Words mean exactly what I want them to mean
Humpty Dumpty via Lewis Carrol
What's crazy is that a rare masterpiece of a book was actually made into a masterpiece of a movie.
I'm used to a masterpiece being decided as much by the medium as the content. I can think of great books making good movies and great movies being made from decent books, But almost no great movies coming from great books.
I think its a testament to John Ford that the hardest thing about reading the book is shaking the near indelible images from the film. And its a testament to John Steinbeck that it doesn't take long for Tom Joad to be talking in his own voice instead of Henry Fonda's, and for the Preacher to become something big and real instead of a creation of John Carradine's.
They're both great works and they stand independently without complimenting each other. They remain unique and special each unto themselves. I think this is mainly due to the brilliance of the story. Stories about people finding their own way in a terrible land full of promise, promise withheld from the people, are always the stuff that fires up my imagination, It's the sort of story that creates values and gives a vivid purpose to morals.
The book is what's in front of me now. We know the story, the dust storms and the banks that created the depression. The rich bastards that perpetuated the depression for their own self serving purposes.
In the book the enemy is spelled out plain: "when property accumulates in too few hands it is taken away. And that companion fact: when a majority of the people are hungry and cold they will take by force what they need. And the little screaming fact that sounds through all history: repression works only to strengthen and knit the oppressed. The great owners ignored the three cries of history. The land fell into fewer hands, the number of the dispossessed increased, and every effort of the great owners was directed at repression."
One of the things that sets literature apart from fiction is the ability of the writer to touch a stone and to see that stone from the gravel pit and into a future that exceeds his own generation's lifetime.
Steinbeck in telling the simple tragedy of the Joads driving a clunker 2,000 miles has set the stage for myth and metaphor. The simple plight of one family is amplified through it's present into ours so that people become symbols and names fail the reality and the names become us.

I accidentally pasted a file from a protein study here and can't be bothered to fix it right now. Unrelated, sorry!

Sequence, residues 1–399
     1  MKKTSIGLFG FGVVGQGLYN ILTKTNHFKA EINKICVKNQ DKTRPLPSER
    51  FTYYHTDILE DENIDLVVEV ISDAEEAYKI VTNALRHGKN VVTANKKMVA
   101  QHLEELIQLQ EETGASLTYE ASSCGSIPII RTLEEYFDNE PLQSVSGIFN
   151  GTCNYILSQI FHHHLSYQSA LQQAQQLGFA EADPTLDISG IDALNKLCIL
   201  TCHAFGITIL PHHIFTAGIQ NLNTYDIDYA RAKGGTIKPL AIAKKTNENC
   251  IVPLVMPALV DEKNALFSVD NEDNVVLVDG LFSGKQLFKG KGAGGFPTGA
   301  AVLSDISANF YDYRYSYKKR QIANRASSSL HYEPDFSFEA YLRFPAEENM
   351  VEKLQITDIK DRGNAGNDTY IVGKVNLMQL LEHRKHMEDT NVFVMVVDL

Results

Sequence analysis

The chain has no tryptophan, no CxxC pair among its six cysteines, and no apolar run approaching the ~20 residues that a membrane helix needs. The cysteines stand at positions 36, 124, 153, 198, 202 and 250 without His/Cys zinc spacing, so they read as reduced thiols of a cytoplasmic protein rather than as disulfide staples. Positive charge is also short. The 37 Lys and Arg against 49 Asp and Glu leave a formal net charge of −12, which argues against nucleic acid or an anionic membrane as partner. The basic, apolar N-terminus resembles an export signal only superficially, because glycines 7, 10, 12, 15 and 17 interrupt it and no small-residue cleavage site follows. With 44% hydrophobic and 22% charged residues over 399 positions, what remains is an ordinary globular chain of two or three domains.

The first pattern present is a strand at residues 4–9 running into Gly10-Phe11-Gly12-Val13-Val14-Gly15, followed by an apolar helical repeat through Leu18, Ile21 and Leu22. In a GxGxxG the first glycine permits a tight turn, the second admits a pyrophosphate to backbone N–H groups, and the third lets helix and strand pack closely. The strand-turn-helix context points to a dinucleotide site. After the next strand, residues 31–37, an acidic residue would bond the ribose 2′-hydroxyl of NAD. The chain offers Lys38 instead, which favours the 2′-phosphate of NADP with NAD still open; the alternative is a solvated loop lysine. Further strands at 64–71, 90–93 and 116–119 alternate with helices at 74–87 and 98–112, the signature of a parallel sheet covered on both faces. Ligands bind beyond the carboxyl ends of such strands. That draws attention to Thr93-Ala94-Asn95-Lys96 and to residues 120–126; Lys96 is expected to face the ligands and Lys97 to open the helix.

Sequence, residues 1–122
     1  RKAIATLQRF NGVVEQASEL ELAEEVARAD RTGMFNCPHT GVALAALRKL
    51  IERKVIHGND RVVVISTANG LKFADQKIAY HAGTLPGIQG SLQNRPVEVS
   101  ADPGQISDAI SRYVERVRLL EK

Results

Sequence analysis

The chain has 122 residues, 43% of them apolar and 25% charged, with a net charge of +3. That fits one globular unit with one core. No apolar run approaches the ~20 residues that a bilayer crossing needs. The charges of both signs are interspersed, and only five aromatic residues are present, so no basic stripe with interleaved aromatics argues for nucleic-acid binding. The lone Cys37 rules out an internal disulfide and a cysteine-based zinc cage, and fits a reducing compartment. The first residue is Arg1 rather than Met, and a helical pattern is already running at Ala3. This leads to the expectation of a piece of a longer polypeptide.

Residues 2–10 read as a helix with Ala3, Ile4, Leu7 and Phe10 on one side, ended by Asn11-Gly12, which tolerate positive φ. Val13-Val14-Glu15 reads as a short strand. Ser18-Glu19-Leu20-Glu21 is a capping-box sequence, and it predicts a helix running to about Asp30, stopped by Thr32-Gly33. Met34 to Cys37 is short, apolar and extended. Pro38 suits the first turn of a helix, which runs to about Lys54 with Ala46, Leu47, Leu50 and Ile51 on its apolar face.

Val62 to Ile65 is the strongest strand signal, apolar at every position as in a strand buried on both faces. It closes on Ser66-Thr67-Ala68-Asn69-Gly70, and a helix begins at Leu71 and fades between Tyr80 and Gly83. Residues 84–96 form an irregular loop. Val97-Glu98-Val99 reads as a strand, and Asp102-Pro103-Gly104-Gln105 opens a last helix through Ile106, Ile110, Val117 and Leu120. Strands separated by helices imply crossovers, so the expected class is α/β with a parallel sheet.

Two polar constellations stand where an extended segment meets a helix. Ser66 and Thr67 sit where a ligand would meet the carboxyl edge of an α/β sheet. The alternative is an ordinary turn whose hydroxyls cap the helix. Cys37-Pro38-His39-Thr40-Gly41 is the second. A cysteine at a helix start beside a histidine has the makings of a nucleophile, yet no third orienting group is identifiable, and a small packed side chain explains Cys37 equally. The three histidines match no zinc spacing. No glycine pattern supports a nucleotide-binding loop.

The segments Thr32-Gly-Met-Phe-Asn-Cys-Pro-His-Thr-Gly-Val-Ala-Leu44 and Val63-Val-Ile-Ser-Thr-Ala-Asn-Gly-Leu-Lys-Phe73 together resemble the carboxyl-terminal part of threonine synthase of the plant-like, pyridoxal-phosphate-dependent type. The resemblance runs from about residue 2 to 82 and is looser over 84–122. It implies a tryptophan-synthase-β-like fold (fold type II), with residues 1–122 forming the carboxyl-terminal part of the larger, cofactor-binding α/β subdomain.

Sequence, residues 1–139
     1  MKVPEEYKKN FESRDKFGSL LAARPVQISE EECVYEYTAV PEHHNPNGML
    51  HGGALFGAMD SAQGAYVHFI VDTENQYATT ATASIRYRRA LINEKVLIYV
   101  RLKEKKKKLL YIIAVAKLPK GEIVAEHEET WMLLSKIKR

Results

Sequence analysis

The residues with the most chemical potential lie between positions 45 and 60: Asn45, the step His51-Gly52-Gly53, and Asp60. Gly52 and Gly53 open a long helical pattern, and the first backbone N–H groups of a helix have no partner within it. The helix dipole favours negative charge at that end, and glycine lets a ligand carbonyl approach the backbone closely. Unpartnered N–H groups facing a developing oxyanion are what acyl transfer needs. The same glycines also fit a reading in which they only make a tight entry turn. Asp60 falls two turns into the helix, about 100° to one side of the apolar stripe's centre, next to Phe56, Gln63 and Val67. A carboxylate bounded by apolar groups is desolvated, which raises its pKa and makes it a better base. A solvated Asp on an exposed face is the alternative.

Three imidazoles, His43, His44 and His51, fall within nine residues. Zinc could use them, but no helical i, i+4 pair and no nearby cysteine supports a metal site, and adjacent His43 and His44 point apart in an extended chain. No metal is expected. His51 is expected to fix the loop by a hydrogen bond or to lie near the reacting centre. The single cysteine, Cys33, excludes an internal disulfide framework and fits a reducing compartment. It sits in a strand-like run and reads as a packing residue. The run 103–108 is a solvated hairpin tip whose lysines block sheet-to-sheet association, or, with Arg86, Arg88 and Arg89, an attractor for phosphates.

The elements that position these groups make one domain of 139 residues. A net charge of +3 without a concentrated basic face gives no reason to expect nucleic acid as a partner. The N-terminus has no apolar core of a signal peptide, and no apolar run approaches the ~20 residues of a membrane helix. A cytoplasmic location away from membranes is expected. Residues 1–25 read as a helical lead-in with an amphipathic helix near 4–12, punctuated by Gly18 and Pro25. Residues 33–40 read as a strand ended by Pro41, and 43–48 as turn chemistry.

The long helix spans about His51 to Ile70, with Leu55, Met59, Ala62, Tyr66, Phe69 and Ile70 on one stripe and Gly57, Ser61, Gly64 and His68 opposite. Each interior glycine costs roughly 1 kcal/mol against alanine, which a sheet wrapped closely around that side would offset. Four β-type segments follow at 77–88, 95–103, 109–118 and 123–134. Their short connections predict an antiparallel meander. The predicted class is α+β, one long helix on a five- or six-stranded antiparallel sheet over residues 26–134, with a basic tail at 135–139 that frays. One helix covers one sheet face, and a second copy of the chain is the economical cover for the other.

Explicit in "Grapes of Wrath" is the rise of the Populist movement in America. Populism terrified the big owners. They had to brand it with false names calling the adherents commies and reds. They were no such thing.
Populism believed in keeping people alive. It believed in self government , in supporting yourself and each other. It believed in feeding the children and in giving a man the dignity befitting a human being. Not very lofty ambitions.
The billionaires called the populists, reds, thugs, they called them an evil that would destroy America and they refused to let them alone and worked their hardest to destroy them. Steinbeck summed it up, "And the great owners, who had become through their holdings both more and less than men, ran to their destruction, and used every means that in the long run would destroy them. Every little means, every violence, every raid on a Hooverville, every deputy swaggering through a ragged camp put off the day a little and cemented the inevitability of the day."
See, the Koch Brothers haven't done anything new. They learned a few things. They appropriated the populist moniker and replaced swaggering deputies with racist young people and soft frightened old people. They used fear to motivate the people who don't have enough to arm them against the people who don't have anything. Then they went after the unions, the workers, while they acquire and force out the small businessman while telling the small businessman it is all the fault of those other guys. The Koch Brothers and their allies scream: It's the Chinese or the Koreans or the Japanese and its your next door neighbor. It is everyone but me. And all we do we do to protect you until you become one of them.
Populism was bought with blood and gunfire and some of the blood was that of starved to death babies and all of it was from people who just wanted to work and have a home and enough to eat to stay alive. What we have today are the jack booted owners appropriating a name in an effort to side step the real suffering they are causing.
A better example of Tea Party faux populism is seen clearly in the film, "Meet John Doe" which is related to Steinbeck in its populist views and its view of the many by exploring the plight of the few. In "Meet john Doe" a genuine populist movement is financed then used and abused for personal gain by Eddy Arnold. Of course, in the movie as in real life, the populist characters survive the horrid abuse and exploitation because the faith in fellow man is greater than the faith in governments and establishments.
The book "Grapes of Wrath" is bleak because a world controlled by people who have forgotten their humanity in favor of acquisition is a terrible and bleak thing. The world of Ayn Rand jerks is a desolate and an unrich place not fit for habitation even by her adherents. Deeper and of great beauty is the life of those poor who struggle along and learn to live together with each other who see life as a small chance at pleasure and happiness.
"Grapes of Wrath" is a great book, meaning it's entertaining, lively with a story to tell about people.When you tell a great story about people you manage to become pretty all encompassing, not sodden or turgid but inspirational even in despair.